Montreal’s Royal Academy honours artist Alexandra McCurdy. Halifax ceramic artist Alexandra McCurdy is being inducted into the Royal Academy of the Arts on Saturday in Montreal as part of the academy’s annual general meeting. Chronicle Herald, May 13, 2015

Los Angeles

Rachel Rosenthal, experimental performance artist, dies at 88. Rachel Rosenthal, the performance and theatre artist who embraced environmentalism during a half-century career devoted to the avant-garde, has died in Southern California. She was 88. CTV News, May 13, 2015

Can the Guggenheim Charm Finland? “In the art and design world, the fate of the prospective museum has become a matter of global import: with everyone from the Louvre to the Hermitage looking to set up outposts abroad, Helsinki has become the latest battleground in an ongoing conflict over how – and whether – small cities and emerging countries should accommodate expansionist mega-museums.” The New Yorker, May 12, 2015

New York

Christie’s Has Art World’s First $1 Billion Week. It was a week the art world had never seen before. For the first time, an auction house sold more than $1 billion of art — over three days at that — a vast outpouring of money that amazed even the wealthy and the celebrities who flocked to the auction floor. New York Times, May 13, 2015

The $179 Million Picasso That Explains Global Inequality. The astronomical rise in prices for the most-sought-after works of art over the last generation is in large part the story of rising global inequality. At its core, this is the simplest of economic math. The supply of Picasso paintings or Giacometti sculptures (one of which sold for $141 million in the same auction this week) is fixed. But the number of people with the will and the resources to buy top-end art is rising, thanks to the distribution of extreme wealth.” New York Times, May 13, 2015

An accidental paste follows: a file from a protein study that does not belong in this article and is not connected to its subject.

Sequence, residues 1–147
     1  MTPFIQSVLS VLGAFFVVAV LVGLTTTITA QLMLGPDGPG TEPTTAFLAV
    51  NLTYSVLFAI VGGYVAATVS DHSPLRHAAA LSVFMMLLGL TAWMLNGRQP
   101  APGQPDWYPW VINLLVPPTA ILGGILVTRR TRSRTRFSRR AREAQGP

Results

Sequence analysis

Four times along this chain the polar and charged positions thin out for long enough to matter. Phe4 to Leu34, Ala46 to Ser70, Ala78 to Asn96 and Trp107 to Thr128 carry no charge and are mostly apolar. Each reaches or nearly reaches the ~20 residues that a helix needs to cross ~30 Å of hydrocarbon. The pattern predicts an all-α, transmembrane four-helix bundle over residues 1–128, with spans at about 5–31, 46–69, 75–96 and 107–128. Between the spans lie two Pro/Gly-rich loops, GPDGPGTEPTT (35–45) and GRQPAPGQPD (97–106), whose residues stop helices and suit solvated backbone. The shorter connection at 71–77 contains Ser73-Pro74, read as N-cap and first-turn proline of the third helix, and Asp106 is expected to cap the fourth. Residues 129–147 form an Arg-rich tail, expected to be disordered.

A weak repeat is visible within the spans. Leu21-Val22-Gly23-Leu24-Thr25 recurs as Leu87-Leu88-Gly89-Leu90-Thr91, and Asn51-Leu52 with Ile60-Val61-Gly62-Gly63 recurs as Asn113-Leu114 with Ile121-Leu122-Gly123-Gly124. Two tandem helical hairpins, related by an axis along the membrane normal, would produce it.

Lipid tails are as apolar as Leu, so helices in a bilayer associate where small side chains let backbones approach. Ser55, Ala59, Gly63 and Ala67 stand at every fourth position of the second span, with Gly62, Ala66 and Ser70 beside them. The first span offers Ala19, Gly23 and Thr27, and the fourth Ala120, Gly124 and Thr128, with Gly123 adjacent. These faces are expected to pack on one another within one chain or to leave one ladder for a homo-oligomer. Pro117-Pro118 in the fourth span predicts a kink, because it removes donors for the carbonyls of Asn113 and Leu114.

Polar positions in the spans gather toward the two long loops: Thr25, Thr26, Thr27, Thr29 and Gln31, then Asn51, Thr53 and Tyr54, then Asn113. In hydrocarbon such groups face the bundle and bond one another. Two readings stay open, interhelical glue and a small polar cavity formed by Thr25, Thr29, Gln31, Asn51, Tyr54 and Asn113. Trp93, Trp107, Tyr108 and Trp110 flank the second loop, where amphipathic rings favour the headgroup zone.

Meet the Iconic Japanese-American Artist Whose Work Hasn’t Been Exhibited in Decades. The retrospective “The Artistic Journey of Yasuo Kuniyoshi” at the Smithsonian American Art Museum in Washington, D.C., is the artist’s first comprehensive exhibit in the United States in more than 65 years. The exhibition is also available online. The Smithsonian, May 14, 2015


Paint the town green: the hidden history of Irish art. The first major show of Irish art in London for over 30 years – taken from a collection assembled by a bank then made available to the nation after the financial crisis – reveals a century’s worth of poetry and protest on canvas The Guardian, May 13, 2015

Midcentury masterstroke: the man who gave the world affordable art – in pictures. By the 1940s, Fernand Mourlot’s print shop in Paris was the place for artists to get exhibition posters made – and they became artworks of their own (with less staggering price tags). Matisse, Miró and Manet were regulars, and Picasso loved it so much he set up shop there in 1945, making more than 400 lithographs in-house over 20 years. Here are the most exquisite posters from the Atelier Mourlot. Mourlot’s Masters is at King & McGaw’s pop-up gallery in London, from 14 May to 26 May. The Guardian, May 13, 2015